When one considers the various ways in which BIM can be used and how its uses extend beyond just design & construction of a building, one can’t miss its applications in deploying and maintaining the building systems. It is interesting to note, that most articles talking about Building Information Modeling – BIM for building design and construction, scholarly and otherwise, tackling an application of BIM, or exploring its possibilities, still have an obligatory paragraph or two explaining what BIM stands for, what it does, and what it does not.
Technology, processes, software, collaborative way of working – have all been expanded upon in context of BIM. While BIM has been around for a considerable amount of time, its popularity is relatively nascent. It has been over a decade that architects, infrastructure planners, and urban planners have been exploring the applications of BIM to improve the quality of life, usability, and health & safety of the facility’s users.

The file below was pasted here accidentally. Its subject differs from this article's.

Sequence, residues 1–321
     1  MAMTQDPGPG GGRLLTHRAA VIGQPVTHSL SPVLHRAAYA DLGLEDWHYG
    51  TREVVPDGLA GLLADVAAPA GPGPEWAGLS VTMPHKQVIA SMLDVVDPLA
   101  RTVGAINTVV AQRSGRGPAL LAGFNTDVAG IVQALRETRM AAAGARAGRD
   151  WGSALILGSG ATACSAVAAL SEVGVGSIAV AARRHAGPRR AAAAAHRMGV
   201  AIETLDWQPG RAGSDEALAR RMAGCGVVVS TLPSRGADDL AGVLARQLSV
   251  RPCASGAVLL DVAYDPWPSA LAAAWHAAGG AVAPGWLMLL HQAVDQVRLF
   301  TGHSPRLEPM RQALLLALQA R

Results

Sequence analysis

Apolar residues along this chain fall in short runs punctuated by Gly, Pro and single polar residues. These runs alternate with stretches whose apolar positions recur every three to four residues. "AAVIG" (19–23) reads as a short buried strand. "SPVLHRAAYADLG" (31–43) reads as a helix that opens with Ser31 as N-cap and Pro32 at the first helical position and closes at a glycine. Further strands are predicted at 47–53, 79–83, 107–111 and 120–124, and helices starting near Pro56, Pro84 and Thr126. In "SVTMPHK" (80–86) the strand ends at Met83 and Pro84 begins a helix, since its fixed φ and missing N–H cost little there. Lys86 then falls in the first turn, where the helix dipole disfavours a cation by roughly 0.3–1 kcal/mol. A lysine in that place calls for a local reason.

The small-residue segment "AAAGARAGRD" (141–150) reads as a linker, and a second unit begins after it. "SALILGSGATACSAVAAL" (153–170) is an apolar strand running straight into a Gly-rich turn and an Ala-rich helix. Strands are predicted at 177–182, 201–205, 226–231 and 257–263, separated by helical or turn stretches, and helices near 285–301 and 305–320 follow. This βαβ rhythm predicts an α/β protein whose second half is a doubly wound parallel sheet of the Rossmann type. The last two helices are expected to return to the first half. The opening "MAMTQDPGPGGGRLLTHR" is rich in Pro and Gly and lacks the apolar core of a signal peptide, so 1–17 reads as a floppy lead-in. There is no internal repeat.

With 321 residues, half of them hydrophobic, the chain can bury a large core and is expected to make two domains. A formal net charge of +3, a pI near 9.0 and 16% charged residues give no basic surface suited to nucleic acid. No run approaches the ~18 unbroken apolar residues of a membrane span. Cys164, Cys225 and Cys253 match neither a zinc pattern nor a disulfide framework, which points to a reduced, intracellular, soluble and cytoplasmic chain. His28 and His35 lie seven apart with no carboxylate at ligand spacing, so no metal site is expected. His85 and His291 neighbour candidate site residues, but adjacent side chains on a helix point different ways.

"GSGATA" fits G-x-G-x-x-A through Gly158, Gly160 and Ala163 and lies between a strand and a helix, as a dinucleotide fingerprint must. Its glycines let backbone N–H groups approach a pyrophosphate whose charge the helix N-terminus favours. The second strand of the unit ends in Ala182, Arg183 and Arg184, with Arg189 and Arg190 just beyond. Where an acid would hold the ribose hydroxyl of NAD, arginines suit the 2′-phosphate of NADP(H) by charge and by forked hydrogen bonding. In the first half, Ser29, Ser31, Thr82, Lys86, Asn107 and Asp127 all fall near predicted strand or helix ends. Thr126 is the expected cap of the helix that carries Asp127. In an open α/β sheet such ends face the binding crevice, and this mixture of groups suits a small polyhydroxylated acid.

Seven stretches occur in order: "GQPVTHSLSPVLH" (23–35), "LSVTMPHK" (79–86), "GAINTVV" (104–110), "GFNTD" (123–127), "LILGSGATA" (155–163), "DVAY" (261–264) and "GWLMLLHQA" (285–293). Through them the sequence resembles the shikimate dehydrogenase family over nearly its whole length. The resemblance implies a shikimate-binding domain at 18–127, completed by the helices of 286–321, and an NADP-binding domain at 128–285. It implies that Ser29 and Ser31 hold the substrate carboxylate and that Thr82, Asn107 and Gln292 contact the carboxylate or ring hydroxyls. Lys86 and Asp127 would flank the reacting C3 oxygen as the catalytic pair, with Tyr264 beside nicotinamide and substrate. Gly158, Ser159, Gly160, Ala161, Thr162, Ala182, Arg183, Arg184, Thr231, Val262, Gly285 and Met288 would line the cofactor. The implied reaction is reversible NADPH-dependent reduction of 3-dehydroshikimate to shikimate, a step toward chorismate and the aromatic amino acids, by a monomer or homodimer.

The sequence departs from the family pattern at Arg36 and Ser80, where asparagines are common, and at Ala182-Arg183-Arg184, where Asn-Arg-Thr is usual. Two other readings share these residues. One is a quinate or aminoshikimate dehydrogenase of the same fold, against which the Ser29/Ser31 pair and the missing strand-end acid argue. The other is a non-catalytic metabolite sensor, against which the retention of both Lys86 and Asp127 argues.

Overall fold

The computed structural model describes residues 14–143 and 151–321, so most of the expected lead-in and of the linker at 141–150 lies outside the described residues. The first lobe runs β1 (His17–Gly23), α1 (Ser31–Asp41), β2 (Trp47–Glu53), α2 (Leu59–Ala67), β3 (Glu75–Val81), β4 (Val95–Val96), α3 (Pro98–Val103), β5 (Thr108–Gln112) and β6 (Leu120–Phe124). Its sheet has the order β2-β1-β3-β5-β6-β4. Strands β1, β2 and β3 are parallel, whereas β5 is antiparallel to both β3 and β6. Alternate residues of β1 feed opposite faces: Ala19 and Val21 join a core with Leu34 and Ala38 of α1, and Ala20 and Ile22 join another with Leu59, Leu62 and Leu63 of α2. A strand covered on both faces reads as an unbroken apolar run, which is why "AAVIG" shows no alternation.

Health & Safety
A building’s design and materials collectively contribute to its behavior towards health and safety of its users and occupants. Starting from occupant comfort, and inclusion of systems that contribute to the better health of the occupant, to including how the building will deal with disasters, natural or man-made, the building’s design needs to be responsible, as much as it needs to be responsive.
One of the most common, and sadly so, disasters a building could face during its life…